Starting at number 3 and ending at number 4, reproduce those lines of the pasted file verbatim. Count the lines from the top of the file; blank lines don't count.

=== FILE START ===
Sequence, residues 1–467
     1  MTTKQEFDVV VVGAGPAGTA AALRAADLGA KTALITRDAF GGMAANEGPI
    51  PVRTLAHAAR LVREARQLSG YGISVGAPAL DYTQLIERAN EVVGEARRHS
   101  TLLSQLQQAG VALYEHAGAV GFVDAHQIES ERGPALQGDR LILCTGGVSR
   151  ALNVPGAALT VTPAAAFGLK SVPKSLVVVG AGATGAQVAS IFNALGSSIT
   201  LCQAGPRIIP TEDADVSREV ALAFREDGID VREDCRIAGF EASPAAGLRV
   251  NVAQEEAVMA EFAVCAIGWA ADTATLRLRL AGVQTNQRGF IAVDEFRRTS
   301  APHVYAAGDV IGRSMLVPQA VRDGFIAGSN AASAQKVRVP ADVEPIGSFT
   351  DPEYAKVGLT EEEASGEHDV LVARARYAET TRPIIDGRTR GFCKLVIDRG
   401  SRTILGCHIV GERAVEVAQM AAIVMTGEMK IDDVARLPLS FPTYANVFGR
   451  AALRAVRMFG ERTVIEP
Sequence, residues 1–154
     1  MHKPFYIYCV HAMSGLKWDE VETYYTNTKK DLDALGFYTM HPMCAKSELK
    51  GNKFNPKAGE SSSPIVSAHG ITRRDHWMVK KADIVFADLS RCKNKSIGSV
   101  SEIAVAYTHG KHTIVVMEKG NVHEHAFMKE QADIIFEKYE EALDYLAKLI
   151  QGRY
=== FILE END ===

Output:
    51  PVRTLAHAAR LVREARQLSG YGISVGAPAL DYTQLIERAN EVVGEARRHS
   101  TLLSQLQQAG VALYEHAGAV GFVDAHQIES ERGPALQGDR LILCTGGVSR